A Norwegian High School Will Give Students Class Credit for Playing Video Games


Video game enthusiasts argue that hours spent in front of a TV with a controller in hand aren't a waste of time—and in many ways, they're not wrong. Studies have shown that video games are linked to increased fluid intelligence along with a host of other brain benefits.

While not everyone is convinced that Halo or Mario Kart are good for you, one Norwegian high school is jumping on the pro-video games bandwagon. According toArs Technica, Garnes Vidaregåande Skole public high school in Bergen, Norway, will begin offering its students an elective class in e-sports this August.

Instead of participating in more traditional sports like soccer or handball, the 30 or so students in the e-sports class will spend five hours a week studying their unconventional extracurricular of choice. But the pupils won't just spend the entirety of the three-year program just sitting around playing video games.

Dotablast reports that the course will include 90 minutes of physical training designed to improve reflexes, strength, and endurance—in short, the sort of physical skills and attributes that separate a great gamer from a so-so one. Teachers will also assess and grade students’ game knowledge, as well as things like teamwork and tactical abilities.

Computers, gaming chairs, and video cards will all be provided, but students will bring their own mice, keyboards, and headsets based on personal preference. A classroom has been set aside, but a curriculum hasn’t been determined quite yet. Games like Dota 2, League of Legends, Counter-Strike: Global Offensive, or Starcraft II are among the games currently under academic consideration.

[h/t ArtsTechnica]

100 Homeless New York City High School Graduates Are Bound for College


Youth homelessness in New York City public schools is at an all-time high. In October, The New York Times reported that one out of every 10 students in the city's public school system were without permanent homes. As the school year wraps up, a hopeful story has come out of that sobering statistic. More than 100 New York City teens without homes have graduated high school and are on their way to college.

The exceptional group from the graduating senior class of 2019 were honored by the Department of Homeless Services at a ceremony on June 27, ABC 7 reports. Alexus Lawrence, a student who spoke at the ceremony, is the valedictorian of her high school and the recipient of a $2000 scholarship for academic excellence. She's now set to attend in Brooklyn College to study to become a pediatrician. Ronaldino Crosdale spoke as well; he's headed to Baruch College in the fall.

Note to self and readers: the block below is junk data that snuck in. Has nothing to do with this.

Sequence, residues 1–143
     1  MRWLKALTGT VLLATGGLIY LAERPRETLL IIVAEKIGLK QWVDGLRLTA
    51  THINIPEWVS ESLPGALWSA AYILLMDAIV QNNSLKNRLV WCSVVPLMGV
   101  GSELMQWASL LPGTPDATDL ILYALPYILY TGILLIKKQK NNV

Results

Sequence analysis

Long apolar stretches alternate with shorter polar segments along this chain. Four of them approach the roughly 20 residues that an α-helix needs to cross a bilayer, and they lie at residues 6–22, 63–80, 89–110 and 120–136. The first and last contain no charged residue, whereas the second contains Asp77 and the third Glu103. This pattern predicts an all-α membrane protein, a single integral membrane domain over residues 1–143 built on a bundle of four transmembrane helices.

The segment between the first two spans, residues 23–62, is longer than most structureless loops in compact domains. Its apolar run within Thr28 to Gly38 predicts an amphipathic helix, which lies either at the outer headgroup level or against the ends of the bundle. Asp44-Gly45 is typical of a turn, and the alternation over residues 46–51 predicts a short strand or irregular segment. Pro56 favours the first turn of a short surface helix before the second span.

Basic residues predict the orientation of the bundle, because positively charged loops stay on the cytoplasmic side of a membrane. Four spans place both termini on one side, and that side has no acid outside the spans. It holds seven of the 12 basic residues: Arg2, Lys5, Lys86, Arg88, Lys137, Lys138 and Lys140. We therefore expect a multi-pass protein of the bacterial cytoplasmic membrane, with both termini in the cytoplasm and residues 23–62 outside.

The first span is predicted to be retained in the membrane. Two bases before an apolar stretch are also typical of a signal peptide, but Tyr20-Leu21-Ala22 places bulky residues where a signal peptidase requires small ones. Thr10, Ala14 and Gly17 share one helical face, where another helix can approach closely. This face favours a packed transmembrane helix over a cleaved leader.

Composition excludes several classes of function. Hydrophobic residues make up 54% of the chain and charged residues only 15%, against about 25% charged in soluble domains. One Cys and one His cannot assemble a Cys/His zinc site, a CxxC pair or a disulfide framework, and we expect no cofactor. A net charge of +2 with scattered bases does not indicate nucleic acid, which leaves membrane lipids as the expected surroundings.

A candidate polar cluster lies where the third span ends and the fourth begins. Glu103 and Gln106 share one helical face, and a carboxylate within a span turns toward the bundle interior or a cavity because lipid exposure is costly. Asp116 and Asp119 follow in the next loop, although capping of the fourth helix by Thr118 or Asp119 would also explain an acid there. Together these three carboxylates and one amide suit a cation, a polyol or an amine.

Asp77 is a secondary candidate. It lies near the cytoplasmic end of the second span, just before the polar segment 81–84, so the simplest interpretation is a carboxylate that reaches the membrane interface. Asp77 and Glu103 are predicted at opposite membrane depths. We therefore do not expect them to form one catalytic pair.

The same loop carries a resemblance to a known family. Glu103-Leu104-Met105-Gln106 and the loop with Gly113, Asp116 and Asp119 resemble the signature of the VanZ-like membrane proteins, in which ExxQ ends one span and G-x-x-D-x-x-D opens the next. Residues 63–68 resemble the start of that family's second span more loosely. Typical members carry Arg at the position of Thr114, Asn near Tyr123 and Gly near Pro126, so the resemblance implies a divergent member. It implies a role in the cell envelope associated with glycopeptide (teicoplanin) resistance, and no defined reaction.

"I didn't believe in miracles until I got here," he said in his speech. You can see more clips from the ceremony in the video below.

Each of the college-bound students received a duffel bag of school supplies, including laptops. Rising rent costs have contributed to the growing number of homeless students in New York City, which outnumbered the total population of state capital Albany, as of last fall. The instability of temporary housing can lead to chronic absenteeism and poor grades among students. But despite their circumstances, every year there are homeless students who beat the odds. Earlier this year, Brianna Watts, a Bronx high school senior living in a homeless shelter, was accepted to 12 colleges.

[h/t ABC 7]

Las Vegas Is Letting Drivers Pay Their Parking Tickets With Donated School Supplies

iStock/Ekaterina Senyutina
iStock/Ekaterina Senyutina

Summer has just begun, but officials in Las Vegas, Nevada, have already implemented a plan to get free school supplies to kids by September. As CNN reports, the city has agreed to waive parking fines for people who donate back-to-school goods like pencils and paper.

According to a news release from the city of Las Vegas, the new parking ticket payment program will run for a limited time. From now through July 19, Las Vegas residents with non-public safety parking violations can bring new school supplies to the Parking Services Offices within 30 days of the citation date to have their fines forgiven. The donated items must be unwrapped and come with a receipt of greater or equal value to the fine being covered. In addition to conventional school supplies like writing implements, index cards, rulers, scissors, and erasers, cleaning supplies like paper towels and disinfecting wipes will also be accepted.

All goods collected through the program will be donated to the Teacher Exchange, a nonprofit associated with the Public Education Foundation. Every school year, the organization collects surplus books, office supplies, and other materials that would otherwise get thrown out and distributes them to public school classrooms in southern Nevada.

Las Vegas's new school supplies initiative is predated by experimental programs in other cities that allow residents to make donations to pay parking tickets. For five years in a row during the holiday season, Lexington, Kentucky, has accepted canned goods as payment for parking fines to help replenish the local God’s Pantry Food Bank.

[h/t CNN]